With Australia facing a massive task to avoid defeat in the third test, one’s mind turns to the records of previous large losses and large scores.
The biggest loss on record in first class cricket came about in Pakistan in 1964, possibly as a result of a mistake by a club secretary or a clerical error when a minor team was mistakenly entered in a serious competition. The result was a loss by an innings and 850 runs. The winning team, Lahore Railways was based in the city of Lahore and sponsored by the national railways. The other side came from the town of Dera Ismail Khan, with a population less than 100,000.
Railways won the toss and batted first, scoring 910 for six declared, with centuries from Ijaz Hussain (124), Javed Babar (200), Pervez Akhtar (337*) and Mohammad Sharif (106*). They then dismissed Dera Ismail Khan for 32 (Afaq Khan took seven for 14) and 27 (Ahad Khan took nine for 7) to win by an innings and 851 runs.
In 1926 Victoria inflicted a similar indignity on NSW when they scored 1107 runs to win by an innings and 638 runs.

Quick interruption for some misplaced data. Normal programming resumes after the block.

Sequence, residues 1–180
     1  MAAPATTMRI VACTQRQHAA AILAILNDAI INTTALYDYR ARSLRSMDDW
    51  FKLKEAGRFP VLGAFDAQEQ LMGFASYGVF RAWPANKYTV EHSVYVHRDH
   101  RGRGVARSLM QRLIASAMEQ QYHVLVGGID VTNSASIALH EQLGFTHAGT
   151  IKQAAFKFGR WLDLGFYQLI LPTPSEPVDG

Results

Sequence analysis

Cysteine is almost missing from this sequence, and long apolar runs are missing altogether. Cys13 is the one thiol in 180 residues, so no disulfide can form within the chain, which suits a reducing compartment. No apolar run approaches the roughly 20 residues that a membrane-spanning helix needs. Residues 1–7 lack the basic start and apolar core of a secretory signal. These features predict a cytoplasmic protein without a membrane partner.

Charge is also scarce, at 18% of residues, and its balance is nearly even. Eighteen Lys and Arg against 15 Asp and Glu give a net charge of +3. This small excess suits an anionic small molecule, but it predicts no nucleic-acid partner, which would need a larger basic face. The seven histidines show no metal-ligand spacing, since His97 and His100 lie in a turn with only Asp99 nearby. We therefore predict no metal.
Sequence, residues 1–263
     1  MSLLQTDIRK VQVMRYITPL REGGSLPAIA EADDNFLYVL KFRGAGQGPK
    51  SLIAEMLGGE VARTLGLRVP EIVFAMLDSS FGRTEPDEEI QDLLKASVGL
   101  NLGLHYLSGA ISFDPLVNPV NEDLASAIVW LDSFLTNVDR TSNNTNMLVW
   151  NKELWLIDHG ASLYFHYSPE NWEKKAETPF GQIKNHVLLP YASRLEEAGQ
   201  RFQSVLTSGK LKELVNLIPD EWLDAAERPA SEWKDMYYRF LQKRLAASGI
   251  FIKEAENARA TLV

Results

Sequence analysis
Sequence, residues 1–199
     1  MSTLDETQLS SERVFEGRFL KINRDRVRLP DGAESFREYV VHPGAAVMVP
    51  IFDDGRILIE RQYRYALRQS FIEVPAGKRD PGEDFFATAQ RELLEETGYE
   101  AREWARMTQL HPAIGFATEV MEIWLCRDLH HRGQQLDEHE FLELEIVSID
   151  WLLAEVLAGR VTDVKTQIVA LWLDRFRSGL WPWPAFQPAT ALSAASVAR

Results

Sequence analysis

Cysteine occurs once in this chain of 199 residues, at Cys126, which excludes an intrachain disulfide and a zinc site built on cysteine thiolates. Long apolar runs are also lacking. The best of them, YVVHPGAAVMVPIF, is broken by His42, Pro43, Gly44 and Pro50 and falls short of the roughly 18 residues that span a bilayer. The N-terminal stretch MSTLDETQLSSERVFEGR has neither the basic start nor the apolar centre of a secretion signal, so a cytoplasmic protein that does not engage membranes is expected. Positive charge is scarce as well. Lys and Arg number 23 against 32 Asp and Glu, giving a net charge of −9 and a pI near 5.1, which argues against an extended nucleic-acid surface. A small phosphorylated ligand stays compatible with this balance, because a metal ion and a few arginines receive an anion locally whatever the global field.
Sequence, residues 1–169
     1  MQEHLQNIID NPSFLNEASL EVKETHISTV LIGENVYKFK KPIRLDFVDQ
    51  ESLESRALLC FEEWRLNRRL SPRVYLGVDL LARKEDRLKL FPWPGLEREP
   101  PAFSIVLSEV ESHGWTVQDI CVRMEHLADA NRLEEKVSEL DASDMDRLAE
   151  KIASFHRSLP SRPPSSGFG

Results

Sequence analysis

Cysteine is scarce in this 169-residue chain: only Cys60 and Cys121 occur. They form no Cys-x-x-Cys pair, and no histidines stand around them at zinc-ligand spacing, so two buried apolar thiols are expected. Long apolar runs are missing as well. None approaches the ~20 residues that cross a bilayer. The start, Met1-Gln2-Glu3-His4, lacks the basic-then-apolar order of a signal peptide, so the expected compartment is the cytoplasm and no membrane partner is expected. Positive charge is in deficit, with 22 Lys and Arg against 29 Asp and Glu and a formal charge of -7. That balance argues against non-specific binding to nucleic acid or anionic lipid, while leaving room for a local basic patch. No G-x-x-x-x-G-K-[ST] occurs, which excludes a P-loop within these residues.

New South Wales won the toss and batted first, scoring 221. Victoria replied with a world record 1,107 including centuries from Bill Woodfull (133), Bill Ponsford (352), “Stork” Hendry (100) and Jack Ryder (295); Arthur Mailey finished with bowling figures of four for 362. In their second innings New South Wales made 230 (Albert Hartkopf took six for 98), losing by an innings and 656 runs.
The score card. Arthur Mailey played for NSW. Being one of the wits of the game (10 for 66 and all that) he passed a number of droll comments. After bowling 64 (8 ball) overs with the figures of 4 for 362 he complained that he was just striking a length. He also pointed out that his figures would have been much better had not three sitters been dropped off his bowling — “two by a man in the pavilion wearing a bowler hat” and one by an unfortunate team-mate whom he consoled with the words “I’m expecting to take a wicket any day now.”